Tag Archives: eCommerce

How Mobile Commerce Is Changing Retail Sales

Smartphones have brought about unparalleled convenience in our daily lives. We are constantly connected to our rolodex of contacts with a variety of methods of communication. We can access all the information available on the world wide web anytime. Consumers looking to make purchases on the go can find the nearest store with ease. For businesses, the mobile platform represents not only a major avenue for advertising, but an opportunity to give customers the ultimate convenience when purchasing products.

According to Internet Retailer, mobile commerce represents 30% of all US e-commerce and rose by 38.7% from 2014 to 2015. Mobile commerce drives sales, and businesses lacking a mobile strategy are missing out on a major opportunity to increase revenue. Here are the top mobile commerce trends for 2016:

INTEGRATING PHYSICAL WITH DIGITAL

Although the digital world is virtually omnipresent in households, the appeal of immediately receiving one’s purchases by shopping in store remains attractive. Retailers are increasingly offering a variety of online + in-store options to capitalize on the convenience of digital and the immediacy of making a physical purchase.

Apps like Curbside have partnered with Target & Kroger’s to enable customers to reserve their purchases and skip the line when picking up products.

Beacon-enabled features like geo-targeted offers and loyalty rewards are becoming more and more popular. Geo-targeted offers can drive in-store traffic when delivered effectively. According to Target Marketing Magazine, 85 of the top 100 retailers are planning to adopt beacon technology by the end of 2016. Business Insider has predicted beacons will directly influence over $44 billion in US retail sales in 2016.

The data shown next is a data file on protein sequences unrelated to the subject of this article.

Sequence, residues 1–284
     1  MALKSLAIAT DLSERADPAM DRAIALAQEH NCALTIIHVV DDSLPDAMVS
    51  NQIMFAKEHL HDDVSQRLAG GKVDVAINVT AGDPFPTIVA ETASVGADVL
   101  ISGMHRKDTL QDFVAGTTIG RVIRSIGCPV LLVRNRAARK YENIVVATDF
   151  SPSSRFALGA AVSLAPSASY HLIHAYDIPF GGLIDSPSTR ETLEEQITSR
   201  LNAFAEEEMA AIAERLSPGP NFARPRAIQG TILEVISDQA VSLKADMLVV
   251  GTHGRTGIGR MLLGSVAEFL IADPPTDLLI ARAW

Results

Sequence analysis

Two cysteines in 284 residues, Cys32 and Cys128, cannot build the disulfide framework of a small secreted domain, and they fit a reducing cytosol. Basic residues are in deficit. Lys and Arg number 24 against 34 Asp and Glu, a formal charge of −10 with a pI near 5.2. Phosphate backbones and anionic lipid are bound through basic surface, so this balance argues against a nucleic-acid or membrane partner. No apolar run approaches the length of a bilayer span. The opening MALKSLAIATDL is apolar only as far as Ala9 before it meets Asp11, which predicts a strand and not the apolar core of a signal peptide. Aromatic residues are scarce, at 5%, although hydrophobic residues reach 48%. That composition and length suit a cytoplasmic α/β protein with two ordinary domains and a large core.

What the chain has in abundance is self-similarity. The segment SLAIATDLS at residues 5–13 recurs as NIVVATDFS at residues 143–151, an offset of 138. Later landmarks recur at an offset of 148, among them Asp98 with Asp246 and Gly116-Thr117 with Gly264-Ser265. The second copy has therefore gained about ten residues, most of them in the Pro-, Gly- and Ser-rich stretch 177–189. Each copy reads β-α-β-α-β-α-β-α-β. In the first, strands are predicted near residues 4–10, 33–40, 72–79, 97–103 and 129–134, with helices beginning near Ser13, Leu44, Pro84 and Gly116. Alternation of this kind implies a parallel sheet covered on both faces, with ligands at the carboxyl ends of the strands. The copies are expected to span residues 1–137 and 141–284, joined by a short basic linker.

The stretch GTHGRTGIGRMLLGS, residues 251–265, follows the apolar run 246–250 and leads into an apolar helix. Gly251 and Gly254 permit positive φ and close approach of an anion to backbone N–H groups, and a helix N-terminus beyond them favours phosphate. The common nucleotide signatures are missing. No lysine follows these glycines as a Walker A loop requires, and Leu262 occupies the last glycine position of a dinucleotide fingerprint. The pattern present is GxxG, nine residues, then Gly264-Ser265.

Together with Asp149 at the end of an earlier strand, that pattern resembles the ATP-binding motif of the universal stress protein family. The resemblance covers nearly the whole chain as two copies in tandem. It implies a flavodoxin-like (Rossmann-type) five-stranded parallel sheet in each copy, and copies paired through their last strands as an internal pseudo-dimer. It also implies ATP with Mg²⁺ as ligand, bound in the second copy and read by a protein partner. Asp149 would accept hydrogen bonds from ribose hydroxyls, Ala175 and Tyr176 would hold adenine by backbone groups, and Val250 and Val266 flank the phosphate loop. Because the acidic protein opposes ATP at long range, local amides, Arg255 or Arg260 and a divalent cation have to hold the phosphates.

PERSONALIZED MOBILE PAYMENTS DRIVE LOYALTY

Although services such as Apple Pay and Android Pay were once hailed as the future, they have had a hard time receiving mass adoption. While mobile payment services haven’t gained popularity, the mobile wallet has made a major impact on commerce. Starbucks drives 16% of transactions through its mobile app. Walmart Pay arrived in December 2015, and now Target is next in line to develop their own payment app.

WEARABLES ON THE RISE

According to Arc, there will be a 61% growth in wearable ownership in 2016. App developers and retailers are still plotting on how to capitalize on wearables. Many anticipate a hands-free shopping experience in which one can simply walk out with their purchases and have automatic charges through wearable devices. Malls and large stores like Walmart may use wearables to make it easier for consumers to navigate stores. Wearables represent a major avenue for retailers to create innovative strategies and dictate trends to come.